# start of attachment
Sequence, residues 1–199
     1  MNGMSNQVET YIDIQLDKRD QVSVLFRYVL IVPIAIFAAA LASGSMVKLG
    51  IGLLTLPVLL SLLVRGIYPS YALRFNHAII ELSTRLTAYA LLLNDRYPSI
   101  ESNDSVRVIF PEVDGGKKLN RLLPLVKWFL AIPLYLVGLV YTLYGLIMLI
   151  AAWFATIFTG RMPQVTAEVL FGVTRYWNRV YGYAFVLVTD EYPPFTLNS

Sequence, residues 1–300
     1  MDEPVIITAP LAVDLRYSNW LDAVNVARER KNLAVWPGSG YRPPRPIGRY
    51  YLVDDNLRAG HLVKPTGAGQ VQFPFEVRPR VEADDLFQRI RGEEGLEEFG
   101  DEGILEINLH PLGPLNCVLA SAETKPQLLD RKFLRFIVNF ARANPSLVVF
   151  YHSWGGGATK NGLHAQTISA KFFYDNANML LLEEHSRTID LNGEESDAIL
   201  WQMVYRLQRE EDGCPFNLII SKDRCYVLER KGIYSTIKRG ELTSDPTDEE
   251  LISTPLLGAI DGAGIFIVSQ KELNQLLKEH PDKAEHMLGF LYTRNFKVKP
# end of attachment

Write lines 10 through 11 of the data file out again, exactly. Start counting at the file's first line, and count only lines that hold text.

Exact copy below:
   151  YHSWGGGATK NGLHAQTISA KFFYDNANML LLEEHSRTID LNGEESDAIL
   201  WQMVYRLQRE EDGCPFNLII SKDRCYVLER KGIYSTIKRG ELTSDPTDEE